Vorzeichnung zu „Kinder der Strasse”, Handzeichnung von 1905
© Stadtmuseum Berlin

Photographer of the modern age

The fact that Zille had also taken photographs was something that remained in the background into the late 1960s’. Zille had already become acquainted with the medium of photography during his training to become a lithographer and went on to use photographs as references for his drawings. Also, while working for the Photographische Gesellschaft, he acquired knowledge of photography, even if no record exists about the extent to which it was part of his daily work. At any rate, he took photographs as a private civilian without any financial interests. And: he took photographs solely in the years when he was not earning money as an illustrator and graphic artist. His earliest works date back to 1882.

While his first subjects were akin to those of professional photographers, in the years to come, snapshots would take up more and more space in Zille’s photographic works. As well as people, they often show city views, for example from Charlottenburg, Westend – his own area in his later years – or Krögel-Viertel on the banks of the Spree between Fischerinsel and Waisenbrücke. He is directly in the thick of things, lying in wait for people almost. As photographer, he himself assumes a position completely in the background. In the images he creates, he records the microcosm of a rapidly evolving Berlin. From 1902, Heinrich Zille’s photography becomes increasingly scarce. The last datable photographs – private images of his family – were taken in around 1905/1906.

On 9th August 1929, Heinrich Zille died in Berlin following several family misfortunes. He has left an important legacy of drawings, prints and photographs in which he lives on to this day as an entertaining chronicler and pioneering artist of this era.

Heinrich Zille in the collection of the Stadtmuseum Berlin

As early as 1928, the Märkisches Museum – which is a part of Stiftung Stadtmuseum Berlin since 1995 – acquired 130 drawings by Heinrich Zille. Sadly, only one of these prints survived the Second World War, entitled “Christmas market on Arkonaplatz”. Despite these irreplaceable losses, by 1978, the museum, which reopened in 1946, held an extensive Zille collection with around 180 graphic works, photographic prints and documents. From 1966, the Berlin-Museum – the West Berlin counterpart to the Märkisches Museum situated in East Berlin – acquired its first Zille works.

Today, the portfolios of the Märkisches Museum and the Berlin-Museum are under the aegis of Stiftung Stadtmuseum Berlin. The Zille portfolio covers several collections, including the photographic collection, documents collection and graphic art collection, which, with around 2,500 hand drawings and prints, contains the most works. The photographic collection contains more than 300 new prints from the original negatives of Heinrich Zille, which it was possible to acquire with the aid of lotto funding in 1978. The documents collection in particular contains documents in his honour and relating to his sphere of work, postcards, and newspaper excerpts in addition to original manuscripts (autographs) by Heinrich Zille.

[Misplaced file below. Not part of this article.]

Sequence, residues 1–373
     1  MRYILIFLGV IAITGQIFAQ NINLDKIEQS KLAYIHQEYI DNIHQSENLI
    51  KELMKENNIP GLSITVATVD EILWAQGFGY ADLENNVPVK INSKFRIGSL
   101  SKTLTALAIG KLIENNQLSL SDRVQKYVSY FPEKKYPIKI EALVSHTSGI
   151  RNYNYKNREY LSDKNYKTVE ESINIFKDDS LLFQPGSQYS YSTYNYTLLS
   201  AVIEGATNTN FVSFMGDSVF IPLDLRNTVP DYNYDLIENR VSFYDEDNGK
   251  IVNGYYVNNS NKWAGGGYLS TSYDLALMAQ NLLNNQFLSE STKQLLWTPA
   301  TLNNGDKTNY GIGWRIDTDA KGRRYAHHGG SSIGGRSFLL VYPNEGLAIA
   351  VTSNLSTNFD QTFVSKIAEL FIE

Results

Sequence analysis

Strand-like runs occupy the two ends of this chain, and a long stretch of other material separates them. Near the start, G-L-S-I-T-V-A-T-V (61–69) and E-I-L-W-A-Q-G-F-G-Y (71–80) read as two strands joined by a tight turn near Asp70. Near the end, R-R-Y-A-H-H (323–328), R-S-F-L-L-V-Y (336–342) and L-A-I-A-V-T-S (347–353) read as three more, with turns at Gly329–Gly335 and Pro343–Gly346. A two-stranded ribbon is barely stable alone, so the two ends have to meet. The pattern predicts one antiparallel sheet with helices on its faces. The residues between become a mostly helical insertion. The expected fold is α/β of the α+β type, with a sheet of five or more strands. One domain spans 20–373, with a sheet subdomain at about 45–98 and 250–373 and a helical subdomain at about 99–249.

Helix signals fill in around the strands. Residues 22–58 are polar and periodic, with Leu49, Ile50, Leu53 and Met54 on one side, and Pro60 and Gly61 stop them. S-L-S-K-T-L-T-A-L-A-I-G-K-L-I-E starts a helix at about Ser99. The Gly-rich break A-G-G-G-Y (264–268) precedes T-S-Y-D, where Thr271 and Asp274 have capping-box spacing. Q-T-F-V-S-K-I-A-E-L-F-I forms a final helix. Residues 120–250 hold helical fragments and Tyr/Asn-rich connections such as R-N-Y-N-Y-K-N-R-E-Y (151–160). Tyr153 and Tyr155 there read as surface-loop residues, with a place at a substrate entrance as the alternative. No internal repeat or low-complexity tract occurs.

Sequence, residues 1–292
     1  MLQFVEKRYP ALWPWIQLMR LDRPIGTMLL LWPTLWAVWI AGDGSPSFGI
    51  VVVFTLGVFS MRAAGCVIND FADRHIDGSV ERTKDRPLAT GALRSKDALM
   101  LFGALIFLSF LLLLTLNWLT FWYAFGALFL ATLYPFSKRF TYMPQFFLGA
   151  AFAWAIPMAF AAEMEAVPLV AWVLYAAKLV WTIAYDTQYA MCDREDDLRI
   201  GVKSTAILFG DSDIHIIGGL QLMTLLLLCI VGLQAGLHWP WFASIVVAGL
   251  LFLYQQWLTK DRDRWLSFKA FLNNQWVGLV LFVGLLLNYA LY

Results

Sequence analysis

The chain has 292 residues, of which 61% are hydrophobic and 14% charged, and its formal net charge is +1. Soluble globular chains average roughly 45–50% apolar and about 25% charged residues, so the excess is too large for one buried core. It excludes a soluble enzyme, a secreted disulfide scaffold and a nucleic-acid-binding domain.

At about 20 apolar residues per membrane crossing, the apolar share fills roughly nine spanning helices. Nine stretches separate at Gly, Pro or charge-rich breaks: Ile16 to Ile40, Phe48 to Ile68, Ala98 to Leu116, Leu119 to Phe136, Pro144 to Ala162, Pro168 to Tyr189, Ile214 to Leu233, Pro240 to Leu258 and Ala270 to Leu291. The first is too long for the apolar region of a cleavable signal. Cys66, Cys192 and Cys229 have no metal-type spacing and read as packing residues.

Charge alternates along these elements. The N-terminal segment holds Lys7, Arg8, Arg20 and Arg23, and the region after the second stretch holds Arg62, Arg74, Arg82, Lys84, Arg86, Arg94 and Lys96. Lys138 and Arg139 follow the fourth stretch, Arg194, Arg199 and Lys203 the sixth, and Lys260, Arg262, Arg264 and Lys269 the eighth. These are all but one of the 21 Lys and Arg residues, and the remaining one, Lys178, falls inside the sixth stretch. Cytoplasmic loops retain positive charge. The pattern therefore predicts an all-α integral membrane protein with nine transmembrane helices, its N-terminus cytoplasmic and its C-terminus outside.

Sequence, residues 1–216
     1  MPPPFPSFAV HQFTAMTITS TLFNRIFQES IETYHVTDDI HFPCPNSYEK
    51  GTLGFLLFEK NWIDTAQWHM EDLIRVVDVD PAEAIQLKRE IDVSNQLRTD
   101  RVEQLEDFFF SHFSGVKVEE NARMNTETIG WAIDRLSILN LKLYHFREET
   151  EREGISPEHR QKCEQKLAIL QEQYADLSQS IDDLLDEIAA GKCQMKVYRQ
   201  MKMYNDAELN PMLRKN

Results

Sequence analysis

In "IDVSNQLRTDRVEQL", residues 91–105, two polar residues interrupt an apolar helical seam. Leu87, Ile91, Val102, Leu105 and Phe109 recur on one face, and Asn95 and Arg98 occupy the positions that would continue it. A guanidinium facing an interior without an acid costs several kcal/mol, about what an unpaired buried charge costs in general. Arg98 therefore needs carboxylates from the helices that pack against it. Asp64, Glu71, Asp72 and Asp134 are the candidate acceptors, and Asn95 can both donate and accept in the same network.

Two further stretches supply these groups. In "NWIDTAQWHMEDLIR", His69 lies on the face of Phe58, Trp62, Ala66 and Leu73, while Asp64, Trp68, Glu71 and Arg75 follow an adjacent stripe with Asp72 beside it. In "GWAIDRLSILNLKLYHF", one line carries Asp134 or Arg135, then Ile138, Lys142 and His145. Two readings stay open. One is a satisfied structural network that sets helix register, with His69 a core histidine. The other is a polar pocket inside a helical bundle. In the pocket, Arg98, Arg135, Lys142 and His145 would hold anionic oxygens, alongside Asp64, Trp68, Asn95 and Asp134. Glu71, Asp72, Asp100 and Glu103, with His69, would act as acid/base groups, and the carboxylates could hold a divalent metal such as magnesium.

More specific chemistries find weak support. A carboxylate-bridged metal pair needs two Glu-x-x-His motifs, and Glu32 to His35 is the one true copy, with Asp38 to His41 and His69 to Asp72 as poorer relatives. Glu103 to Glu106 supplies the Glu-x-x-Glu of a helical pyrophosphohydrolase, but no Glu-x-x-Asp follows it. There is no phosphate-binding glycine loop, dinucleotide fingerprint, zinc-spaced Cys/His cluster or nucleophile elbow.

„Weihnachtsmarkt am Arkonaplatz“, Handzeichnung von 1918
© Stadtmuseum Berlin
„Zilles Werdegang“, Ausstellung im Märkischen Museum, 1928
© Stadtmuseum Berlin | Hausarchiv
To mark the 70th birthday of Heinrich Zille in 1928, therefore during his lifetime, the Märkisches Museum put on the exhibition entitled “Zille’s career path”. The special exhibition of Zille’s works was a complete success. In this first major retrospective, works were showcased, which had been created “along the way”, as pieces from his time as an apprentice and journeyman. Since then, the buildings of the Stadtmuseum Berlin have shown more than 15 exhibitions centred around Heinrich Zille. On the occasion of his 150th anniversary in 2008 the artist was honoured with a dual exhibition under the heading “Heinrich Zille. Children of the Street” in the Museum Ephraim-Palais and the Akademie der Künste (Academy of Arts). Most recently, under the title “Heinrich Zille: A Reunion” 38 of his drawings, prints and photographs were on display in the Foto-Grafisches Kabinett of the Märkisches Museum.